November is a month most of us express thanks for all that we have — for home, family, friends and faith.
But that was "so yesterday!" Now, Thanksgiving seems to be only a speed bump slowing us before our holiday buying frenzy, while the turkey and stuffing fueled our race toward the
If this holiday track meet left you frazzled, I want to offer you a choice of two very different running lanes. First, you can align yourself with denial and tell yourself that you are only spending more this year so that you'll have more to be thankful over next year.
Choice No. 2 is to pause before you get trapped in the StuffMart or CostlyCo aisles, and recite what I like to call the Black Friday prayer.
While you'll likely recognize the prayer as "The Lord's Prayer," let's reframe it to see how it might be said to rescue us from our manic materialism.
The opening salutation, "Our Father," is best read in the tone of a small child who is asking a loving parent for help. The words assert that God alone is the giver of all good things, not credit cards.
"Who art in heaven." These words may sound like a description of a detached deity, but in truth, God contains the world. That means that our money can't buy our world, so why do we try?
"Hallowed be thy name." There seems little that is hallowed today, but when we find that hallowedness in God, it should reflect something outside of our own name and holiday wish lists.
"Thy Kingdom come" doesn't mean that we're sitting around waiting for God to come to us. It means that we must invite the presence of God into our own lives. It means that God's presence always outshines the pretense of presents.
"Thy will be done, on Earth as it is in Heaven." This part means that seeking God's will in my life is not seeking an earthly plan. Simply put, I've never seen a U-Haul behind a hearse, so I don't think God wants me to accumulate more earthly goods than are useful for heavenly purposes. Reciting this part of the prayer makes it nearly impossible to exceed your credit card limit.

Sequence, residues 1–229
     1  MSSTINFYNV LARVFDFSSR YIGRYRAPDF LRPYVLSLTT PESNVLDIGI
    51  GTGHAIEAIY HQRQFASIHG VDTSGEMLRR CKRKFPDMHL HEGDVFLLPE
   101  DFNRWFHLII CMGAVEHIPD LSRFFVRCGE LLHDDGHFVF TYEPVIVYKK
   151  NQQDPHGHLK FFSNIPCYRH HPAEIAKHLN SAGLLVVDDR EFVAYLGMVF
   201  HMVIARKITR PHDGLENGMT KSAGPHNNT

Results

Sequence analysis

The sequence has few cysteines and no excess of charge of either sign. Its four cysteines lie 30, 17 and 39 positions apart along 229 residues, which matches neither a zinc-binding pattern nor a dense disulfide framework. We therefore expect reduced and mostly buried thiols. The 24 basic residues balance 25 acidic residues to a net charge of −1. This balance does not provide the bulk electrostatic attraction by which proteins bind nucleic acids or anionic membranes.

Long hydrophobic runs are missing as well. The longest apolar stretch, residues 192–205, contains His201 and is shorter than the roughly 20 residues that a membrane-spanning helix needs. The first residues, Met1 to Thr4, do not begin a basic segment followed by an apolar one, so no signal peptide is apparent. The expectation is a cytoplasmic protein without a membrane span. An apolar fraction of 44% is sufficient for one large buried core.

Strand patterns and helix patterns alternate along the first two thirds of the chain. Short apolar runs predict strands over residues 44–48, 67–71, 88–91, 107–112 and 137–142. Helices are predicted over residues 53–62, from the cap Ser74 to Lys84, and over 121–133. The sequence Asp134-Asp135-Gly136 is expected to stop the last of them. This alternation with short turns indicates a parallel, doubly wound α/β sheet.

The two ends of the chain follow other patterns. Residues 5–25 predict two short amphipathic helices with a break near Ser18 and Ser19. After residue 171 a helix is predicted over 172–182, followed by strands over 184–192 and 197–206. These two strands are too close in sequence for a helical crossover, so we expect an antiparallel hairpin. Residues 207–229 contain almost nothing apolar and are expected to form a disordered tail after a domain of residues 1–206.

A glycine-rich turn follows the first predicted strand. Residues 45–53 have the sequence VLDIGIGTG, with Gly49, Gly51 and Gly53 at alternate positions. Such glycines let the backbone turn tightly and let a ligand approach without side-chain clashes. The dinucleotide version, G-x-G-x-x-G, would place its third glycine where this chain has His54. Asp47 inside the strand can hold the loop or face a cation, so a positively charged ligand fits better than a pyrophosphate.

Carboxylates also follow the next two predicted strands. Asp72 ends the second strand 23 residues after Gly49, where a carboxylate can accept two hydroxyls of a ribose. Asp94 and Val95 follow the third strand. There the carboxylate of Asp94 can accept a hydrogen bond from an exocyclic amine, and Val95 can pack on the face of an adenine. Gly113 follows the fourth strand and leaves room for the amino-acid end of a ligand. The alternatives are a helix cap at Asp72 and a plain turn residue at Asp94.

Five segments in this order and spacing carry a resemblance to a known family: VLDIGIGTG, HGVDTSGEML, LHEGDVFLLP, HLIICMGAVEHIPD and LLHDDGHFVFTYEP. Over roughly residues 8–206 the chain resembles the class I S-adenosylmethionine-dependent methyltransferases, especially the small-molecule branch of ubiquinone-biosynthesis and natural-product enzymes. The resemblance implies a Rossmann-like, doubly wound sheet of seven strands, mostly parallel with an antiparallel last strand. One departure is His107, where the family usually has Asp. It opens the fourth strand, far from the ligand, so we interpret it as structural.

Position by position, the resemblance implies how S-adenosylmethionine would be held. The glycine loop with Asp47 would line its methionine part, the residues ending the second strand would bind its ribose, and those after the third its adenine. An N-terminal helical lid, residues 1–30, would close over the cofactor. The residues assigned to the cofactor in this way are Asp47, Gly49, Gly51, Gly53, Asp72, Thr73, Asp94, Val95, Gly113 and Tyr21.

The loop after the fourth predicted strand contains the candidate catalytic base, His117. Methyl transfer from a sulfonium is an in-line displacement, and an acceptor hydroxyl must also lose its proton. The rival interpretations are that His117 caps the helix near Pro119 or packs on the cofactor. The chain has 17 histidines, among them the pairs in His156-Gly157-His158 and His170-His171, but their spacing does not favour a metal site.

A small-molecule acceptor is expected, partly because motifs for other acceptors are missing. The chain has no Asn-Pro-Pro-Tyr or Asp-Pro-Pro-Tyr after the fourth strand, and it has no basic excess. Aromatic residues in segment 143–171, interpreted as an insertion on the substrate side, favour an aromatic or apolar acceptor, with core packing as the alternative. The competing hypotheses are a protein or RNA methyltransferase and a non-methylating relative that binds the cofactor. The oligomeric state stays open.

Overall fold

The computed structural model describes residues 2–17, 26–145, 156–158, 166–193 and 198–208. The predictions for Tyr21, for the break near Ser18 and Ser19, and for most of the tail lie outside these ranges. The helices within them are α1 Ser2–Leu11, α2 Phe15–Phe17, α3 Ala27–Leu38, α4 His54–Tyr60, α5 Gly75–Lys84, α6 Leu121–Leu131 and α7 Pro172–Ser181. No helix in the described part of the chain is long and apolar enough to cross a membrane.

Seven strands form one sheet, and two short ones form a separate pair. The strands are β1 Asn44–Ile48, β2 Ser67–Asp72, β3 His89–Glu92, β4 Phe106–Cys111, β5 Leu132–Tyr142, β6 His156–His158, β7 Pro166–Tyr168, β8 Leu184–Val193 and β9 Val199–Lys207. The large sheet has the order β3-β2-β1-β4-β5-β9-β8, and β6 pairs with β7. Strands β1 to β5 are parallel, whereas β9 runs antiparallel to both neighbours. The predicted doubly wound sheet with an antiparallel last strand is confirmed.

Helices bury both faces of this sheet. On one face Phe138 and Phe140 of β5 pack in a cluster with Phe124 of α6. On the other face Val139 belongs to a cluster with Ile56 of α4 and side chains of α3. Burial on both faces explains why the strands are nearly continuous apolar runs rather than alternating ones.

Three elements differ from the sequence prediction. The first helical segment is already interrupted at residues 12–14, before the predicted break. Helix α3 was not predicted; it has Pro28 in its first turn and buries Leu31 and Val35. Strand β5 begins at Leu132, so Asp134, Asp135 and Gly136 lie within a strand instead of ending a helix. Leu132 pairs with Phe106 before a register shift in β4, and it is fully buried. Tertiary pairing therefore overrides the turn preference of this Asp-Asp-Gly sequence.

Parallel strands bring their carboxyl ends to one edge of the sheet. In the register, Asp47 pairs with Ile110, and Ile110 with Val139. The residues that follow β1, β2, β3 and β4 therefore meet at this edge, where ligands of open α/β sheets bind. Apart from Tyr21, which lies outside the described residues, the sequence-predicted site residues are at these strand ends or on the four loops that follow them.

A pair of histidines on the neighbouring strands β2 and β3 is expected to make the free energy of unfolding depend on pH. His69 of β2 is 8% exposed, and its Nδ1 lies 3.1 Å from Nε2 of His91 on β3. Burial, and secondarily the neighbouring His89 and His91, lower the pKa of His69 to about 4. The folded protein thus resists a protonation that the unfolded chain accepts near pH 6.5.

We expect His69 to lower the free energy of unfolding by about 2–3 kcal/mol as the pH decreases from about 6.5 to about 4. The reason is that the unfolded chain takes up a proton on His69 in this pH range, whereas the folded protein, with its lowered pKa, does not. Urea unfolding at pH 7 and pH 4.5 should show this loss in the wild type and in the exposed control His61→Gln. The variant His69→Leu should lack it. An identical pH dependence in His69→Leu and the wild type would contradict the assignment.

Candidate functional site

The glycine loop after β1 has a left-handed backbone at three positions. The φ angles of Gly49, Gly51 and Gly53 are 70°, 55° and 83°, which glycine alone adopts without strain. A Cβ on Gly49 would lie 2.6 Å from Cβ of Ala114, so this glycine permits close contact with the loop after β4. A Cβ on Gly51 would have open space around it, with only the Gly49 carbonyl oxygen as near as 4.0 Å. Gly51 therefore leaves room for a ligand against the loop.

"Give us this day our daily bread." The recovering alcoholic knows this as the key to living one day at a time, but the recovering shopper should see this as a way to express gratitude for the gifts we find in today, not the presents we'll return tomorrow.
"Forgive us our trespasses as we forgive those who trespass against us." This plea for forgiveness reminds me that God forgives me my selfish ways and that my overspending transgressions of the past don't have to be repeated today.
"Lead us not into temptation, but deliver us from evil." This phrase reminds me that I am powerless before my shopping addictions, and I can only overcome them with God's help.
While Protestants add the closing line, "For thine is the Kingdom, the power, the glory, forever," both Catholic and Protestants end with "Amen," which means, "Let all of this be so!"
I have to believe the last phrase is the best part of prayer, as the word "This" points to the holiness God bestows in our lives through the fulfillment of this prayer.